Preprints
https://doi.org/10.5194/egusphere-2024-871
https://doi.org/10.5194/egusphere-2024-871
23 Apr 2024
 | 23 Apr 2024
Status: this preprint is open for discussion.

A quantitative module of avalanche hazard—comparing forecaster assessments of storm and persistent slab avalanche problems with information derived from distributed snowpack simulations

Florian Herla, Pascal Haegeli, Simon Horton, and Patrick Mair

Abstract. Avalanche forecasting is a human judgment process with the goal of describing the nature and severity of avalanche hazard based on the concept of distinct avalanche problems. Snowpack simulations can help improve forecast consistency and quality by extending qualitative frameworks of avalanche hazard with quantitative links between weather, snowpack, and hazard characteristics. Building on existing research on modeling avalanche problem information, we present the first spatial modeling framework for extracting the characteristics of storm and persistent slab avalanche problems from distributed snowpack simulations. Grouping of simulated layers based on regional burial dates allows us to track them across space and time and calculate insightful spatial distributions of avalanche problem characteristics.

We applied our approach to ten winter seasons in Glacier National Park, Canada, and compared the numerical predictions to human hazard assessments. Despite good agreement in the seasonal summary statistics, the comparison of the daily assessments of avalanche problems revealed considerable differences between the two data sources. The best agreements were found in the presence and absence of storm slab avalanche problems and the likelihood and expected size assessments of persistent slab avalanche problems. Even though we are unable to conclusively determine whether the human or model data set represents reality more accurately when they disagree, our analysis indicates that the current model predictions can add value to the forecasting process by offering an independent perspective. For example, the numerical predictions can provide a valuable tool for assisting avalanche forecasters in the difficult decision to remove persistent slab avalanche problems. The value of the spatial approach is further highlighted by the observation that avalanche danger ratings were better explained by a combination of various percentiles of simulated instability and failure depth than by simple averages or proportions. Our study contributes to a growing body of research that aims to enhance the operational value of snowpack simulations and provides insight into how snowpack simulations can help address some of the operational challenges of human avalanche hazard assessments.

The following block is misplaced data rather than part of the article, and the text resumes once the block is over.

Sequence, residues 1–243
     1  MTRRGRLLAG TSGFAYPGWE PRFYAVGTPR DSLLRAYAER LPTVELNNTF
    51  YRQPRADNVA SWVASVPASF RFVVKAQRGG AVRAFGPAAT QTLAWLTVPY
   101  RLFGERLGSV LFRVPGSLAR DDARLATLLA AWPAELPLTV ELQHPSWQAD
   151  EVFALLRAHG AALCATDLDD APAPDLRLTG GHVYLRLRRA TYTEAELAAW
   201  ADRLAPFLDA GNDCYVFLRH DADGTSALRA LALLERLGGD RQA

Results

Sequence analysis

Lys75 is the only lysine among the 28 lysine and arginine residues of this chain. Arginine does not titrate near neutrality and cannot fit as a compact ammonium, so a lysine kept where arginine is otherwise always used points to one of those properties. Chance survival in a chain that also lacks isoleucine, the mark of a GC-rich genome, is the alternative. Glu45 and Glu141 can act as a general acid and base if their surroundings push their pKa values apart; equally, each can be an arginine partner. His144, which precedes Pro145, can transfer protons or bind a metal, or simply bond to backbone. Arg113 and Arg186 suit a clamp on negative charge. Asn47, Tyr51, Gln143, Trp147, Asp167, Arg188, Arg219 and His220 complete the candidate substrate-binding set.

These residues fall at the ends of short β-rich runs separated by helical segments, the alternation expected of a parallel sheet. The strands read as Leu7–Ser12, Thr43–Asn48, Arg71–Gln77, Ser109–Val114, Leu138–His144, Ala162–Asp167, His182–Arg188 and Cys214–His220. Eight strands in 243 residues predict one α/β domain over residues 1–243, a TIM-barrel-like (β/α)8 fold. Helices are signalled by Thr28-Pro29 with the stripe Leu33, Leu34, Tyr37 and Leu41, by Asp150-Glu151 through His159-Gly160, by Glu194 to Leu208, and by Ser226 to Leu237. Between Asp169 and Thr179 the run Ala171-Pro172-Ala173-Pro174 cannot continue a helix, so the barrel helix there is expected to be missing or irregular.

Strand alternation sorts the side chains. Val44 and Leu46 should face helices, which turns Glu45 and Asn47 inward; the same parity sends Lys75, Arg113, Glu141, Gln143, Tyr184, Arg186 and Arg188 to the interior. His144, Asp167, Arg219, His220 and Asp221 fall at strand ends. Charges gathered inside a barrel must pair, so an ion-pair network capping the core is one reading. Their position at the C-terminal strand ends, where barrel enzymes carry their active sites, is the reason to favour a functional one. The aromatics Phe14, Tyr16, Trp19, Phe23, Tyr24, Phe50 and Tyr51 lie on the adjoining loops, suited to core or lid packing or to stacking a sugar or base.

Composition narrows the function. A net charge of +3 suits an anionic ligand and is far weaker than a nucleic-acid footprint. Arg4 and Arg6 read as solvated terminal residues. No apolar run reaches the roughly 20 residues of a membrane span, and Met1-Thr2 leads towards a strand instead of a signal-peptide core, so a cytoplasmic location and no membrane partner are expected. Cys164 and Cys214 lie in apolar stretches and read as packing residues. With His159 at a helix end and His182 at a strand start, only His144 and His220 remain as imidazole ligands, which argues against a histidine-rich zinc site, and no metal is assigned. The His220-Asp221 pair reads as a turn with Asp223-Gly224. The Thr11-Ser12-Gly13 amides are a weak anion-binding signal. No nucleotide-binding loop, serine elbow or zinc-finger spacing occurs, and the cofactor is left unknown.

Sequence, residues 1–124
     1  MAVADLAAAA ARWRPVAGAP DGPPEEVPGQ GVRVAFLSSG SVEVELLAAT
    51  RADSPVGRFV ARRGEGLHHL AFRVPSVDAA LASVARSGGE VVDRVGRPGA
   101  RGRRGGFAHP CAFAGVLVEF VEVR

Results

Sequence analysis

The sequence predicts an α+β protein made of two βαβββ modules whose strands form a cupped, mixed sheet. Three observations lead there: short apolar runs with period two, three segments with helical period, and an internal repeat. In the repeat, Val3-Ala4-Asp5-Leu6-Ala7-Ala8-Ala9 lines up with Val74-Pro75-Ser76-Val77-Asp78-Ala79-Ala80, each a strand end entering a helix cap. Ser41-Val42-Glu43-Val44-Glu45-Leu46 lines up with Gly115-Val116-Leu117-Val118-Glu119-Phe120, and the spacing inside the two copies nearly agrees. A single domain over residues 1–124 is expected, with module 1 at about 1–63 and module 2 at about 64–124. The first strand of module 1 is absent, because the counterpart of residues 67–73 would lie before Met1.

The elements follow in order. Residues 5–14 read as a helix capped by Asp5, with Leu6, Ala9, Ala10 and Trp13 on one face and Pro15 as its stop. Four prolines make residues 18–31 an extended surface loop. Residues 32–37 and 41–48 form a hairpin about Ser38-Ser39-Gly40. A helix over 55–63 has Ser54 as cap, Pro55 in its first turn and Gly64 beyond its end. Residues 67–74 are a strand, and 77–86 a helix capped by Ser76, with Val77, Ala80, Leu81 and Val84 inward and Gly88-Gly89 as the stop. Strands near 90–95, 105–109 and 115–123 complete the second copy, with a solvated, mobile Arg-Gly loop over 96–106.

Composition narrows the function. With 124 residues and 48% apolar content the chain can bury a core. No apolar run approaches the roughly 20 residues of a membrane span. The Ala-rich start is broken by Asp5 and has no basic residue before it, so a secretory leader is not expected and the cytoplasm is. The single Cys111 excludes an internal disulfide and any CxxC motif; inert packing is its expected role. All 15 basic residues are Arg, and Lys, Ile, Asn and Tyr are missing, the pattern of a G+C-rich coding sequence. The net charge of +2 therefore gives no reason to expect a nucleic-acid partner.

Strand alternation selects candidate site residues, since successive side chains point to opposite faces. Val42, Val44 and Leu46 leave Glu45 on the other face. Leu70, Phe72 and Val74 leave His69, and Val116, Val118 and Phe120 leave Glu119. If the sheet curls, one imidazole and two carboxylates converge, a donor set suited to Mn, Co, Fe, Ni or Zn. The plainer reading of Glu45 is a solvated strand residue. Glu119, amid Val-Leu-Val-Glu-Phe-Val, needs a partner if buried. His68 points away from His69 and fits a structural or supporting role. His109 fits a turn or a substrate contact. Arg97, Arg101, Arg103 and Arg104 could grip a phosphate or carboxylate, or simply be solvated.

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Florian Herla, Pascal Haegeli, Simon Horton, and Patrick Mair

Status: open (until 12 Jun 2024)

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Florian Herla, Pascal Haegeli, Simon Horton, and Patrick Mair

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Quantitative module of avalanche hazard—Data and Code F. Herla, P. Haegeli, S. Horton, and P. Mair https://doi.org/10.17605/OSF.IO/94826

Florian Herla, Pascal Haegeli, Simon Horton, and Patrick Mair

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Short summary
We present a spatial framework for extracting information about avalanche problems from detailed snowpack simulations and compare the numerical results against operational assessments from avalanche forecasters. Despite good aggreement in seasonal summary statistics, a comparison of daily assessments revealed considerable differences while it remained unclear which data source represented reality best. We discuss how snowpack simulations can add value to the forecasting process.